Our October 2010 hostess, Lori of Lori’s Lipsmacking Goodness, has challenged The Daring Cooks to stuff grape leaves. Lori chose a recipe from Aromas of Aleppo and a recipe from The New Book of Middle Eastern Food.
This month’s challenge was to make a filling and roll it in grape leaves. I’ve tried stuffed grape leaves a few times before at various restaurants, but have never really been a huge fan of them. They often have a very “briney” taste that is a little off-putting to me. Nonetheless, I was excited to try rolling some from scratch.
The filling for the grape leaves was totally up to each individual cook, but whatever filling was chosen had to include rice. Lori provided two recipes for inspiration – one with meat and one without. I opted to go the meatless route and followed Lori’s Cold Stuffed Grape Leaves recipe with a few additions.
I knew that rolling the leaves was going to be the most time consuming part, and I also knew that I wanted to go all out with a tasty Greek feast to accompany the grape leaves. Taking those things into consideration, I enlisted the help of a fellow daring cook to knock these babies out. That was definitely a good decision – having someone to help stuff and roll the leaves not only helped make the time go faster, but I think it also helped me my maintain my sanity. The smaller the grape leaf, the more difficulty I had in getting it rolled and stuffed without splitting. I got desperate near the end and started layering the smaller torn leaves in creative ways to try and produce enough grape leaves to fill the pan tightly.
Despite all the difficulty rolling, I have to say that the end results were fantastic. These were by far the best stuffed grape leaves I have ever tasted. And while they probably won’t be in my regular rotation of cooking, I am so glad I had the opportunity to make them and enjoy the company of good friends while doing so!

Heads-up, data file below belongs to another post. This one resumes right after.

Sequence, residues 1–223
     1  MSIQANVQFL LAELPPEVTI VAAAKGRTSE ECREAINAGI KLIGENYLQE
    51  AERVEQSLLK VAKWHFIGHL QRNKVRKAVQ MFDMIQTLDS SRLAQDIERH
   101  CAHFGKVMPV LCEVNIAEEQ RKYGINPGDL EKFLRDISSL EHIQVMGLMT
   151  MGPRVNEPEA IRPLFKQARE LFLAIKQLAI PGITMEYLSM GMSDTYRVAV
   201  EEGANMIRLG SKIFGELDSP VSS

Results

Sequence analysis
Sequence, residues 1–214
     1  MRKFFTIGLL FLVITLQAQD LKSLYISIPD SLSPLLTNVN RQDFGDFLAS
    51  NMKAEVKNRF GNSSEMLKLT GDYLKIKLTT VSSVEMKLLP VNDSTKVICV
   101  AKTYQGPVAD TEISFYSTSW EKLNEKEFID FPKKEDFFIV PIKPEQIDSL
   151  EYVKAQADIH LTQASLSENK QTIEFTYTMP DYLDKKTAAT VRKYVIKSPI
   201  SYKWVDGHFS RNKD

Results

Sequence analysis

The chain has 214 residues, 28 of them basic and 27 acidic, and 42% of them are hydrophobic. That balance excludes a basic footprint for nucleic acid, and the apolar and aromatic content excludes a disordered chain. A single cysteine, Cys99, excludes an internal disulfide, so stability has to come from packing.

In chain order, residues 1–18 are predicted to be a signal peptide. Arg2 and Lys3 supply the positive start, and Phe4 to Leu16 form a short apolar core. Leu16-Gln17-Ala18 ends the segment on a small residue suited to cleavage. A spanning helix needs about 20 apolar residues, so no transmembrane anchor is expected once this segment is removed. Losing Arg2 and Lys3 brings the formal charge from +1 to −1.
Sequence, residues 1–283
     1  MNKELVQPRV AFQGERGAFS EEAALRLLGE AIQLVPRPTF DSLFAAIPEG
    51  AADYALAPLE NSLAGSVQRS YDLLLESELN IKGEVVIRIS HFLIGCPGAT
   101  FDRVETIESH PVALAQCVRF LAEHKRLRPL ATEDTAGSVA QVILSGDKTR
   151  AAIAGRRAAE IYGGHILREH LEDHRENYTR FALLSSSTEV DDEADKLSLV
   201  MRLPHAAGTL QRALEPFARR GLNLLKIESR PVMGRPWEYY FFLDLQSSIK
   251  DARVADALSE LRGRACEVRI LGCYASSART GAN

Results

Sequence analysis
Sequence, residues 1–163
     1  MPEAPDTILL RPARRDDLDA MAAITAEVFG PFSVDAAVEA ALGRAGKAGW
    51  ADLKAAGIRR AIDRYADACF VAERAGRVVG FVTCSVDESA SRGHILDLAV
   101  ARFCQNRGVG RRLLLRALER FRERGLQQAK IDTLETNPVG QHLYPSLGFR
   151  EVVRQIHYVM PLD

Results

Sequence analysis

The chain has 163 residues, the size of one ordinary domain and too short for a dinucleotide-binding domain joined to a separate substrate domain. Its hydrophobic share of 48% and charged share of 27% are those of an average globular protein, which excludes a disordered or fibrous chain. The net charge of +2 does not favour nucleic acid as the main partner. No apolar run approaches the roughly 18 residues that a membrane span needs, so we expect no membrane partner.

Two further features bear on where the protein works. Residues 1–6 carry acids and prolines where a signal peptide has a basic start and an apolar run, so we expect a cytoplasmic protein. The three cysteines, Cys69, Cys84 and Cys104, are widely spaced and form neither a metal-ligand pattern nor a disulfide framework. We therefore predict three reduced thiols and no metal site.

You can view the recipe for the Cold Stuffed Grape Leaves after the jump.
Wara Einab or Dolma/Cold Stuffed Grape Leaves
Adapted from Claudia Roden’s The New Book of Middle Eastern Food a Borzoi Book, published by Alfred A. Knopf
Yield: 6 to 8 servings
24 – 30 preserved or fresh grape leaves.
1 c long grain rice (I used parboiled brown rice)
¼ c garbanzo beans, roughly chopped*
¼ c pine nuts, roughly chopped*
1- 3 tomatoes, peeled and chopped
1 large onion, finely chopped or 4 tablespoons finely chopped scallions
2 T finely chopped flat leaf parsley
2 T crushed dried mint
¼ t ground cinnamon
¼ t ground allspice
1 t dill
Salt and pepper
2 tomatoes, sliced **optional**
3 or 4 cloves garlic
2/3 cup extra-virgin olive oil
1 t sugar
Juice of 1 lemon or more
*these items were our additions to the original recipe
If using grape leaves preserved in brine, to remove salt put them in a bowl and pour boiling water over them. Make sure that the water penetrates well between the layers, and leave them soaking for about twenty minutes, then change the water a time or two using fresh cold water.
If using fresh leaves, plunge a few at a time in boiling water for a few seconds only, until they become limp, and lift them out.
Pour boiling water over the rice and stir well, then rinse with cold water and let drain. (I skipped this step since I had already parboiled and drained the rice)
Mix the rice with the garbanzo beans, pine nuts, chopped tomatoes, onion or scallion, parsley, mint, cinnamon, allspice, dill, salt and pepper to taste.
Place a grape leaf on a flat surface, vein side up.
Place about two teaspoons of the filling in the center of the leaf, near the stem edge. (You may need to adjust this amount depending on the size of your grape leaf.)
Roll the leaf end to end, starting from the stem edge. As you roll, fold the sides of the leaf in toward the center. The leaf should resemble a small cigar, about 2 to 2 1/2 inches long.
Repeat with the remaining leaves and filling.
(You can freeze the stuffed grape leaves at this point. Just line a baking sheet with wax paper. When firmly frozen, transfer to an airtight plastic bag place back in the freezer.)
Pack the stuffed leaves tightly in a large pan lined with tomato slices or imperfect grape leaves Place a whole garlic clove in between them for extra flavor. The tightness will help prevent the rolls from unraveling.
Mix together olive oil, 2/3 cup water, sugar and lemon juice and pour over the stuffed leaves. Put a small heat proof plate on top of the leaves to prevent them from unwinding, cover the pan and simmer very gently for about 1 hour, until the rolls are thoroughly cooked, adding water occasionally, a cup at a time, as the liquid in the pan becomes absorbed. Cool in the pan before turning out. Serve cold.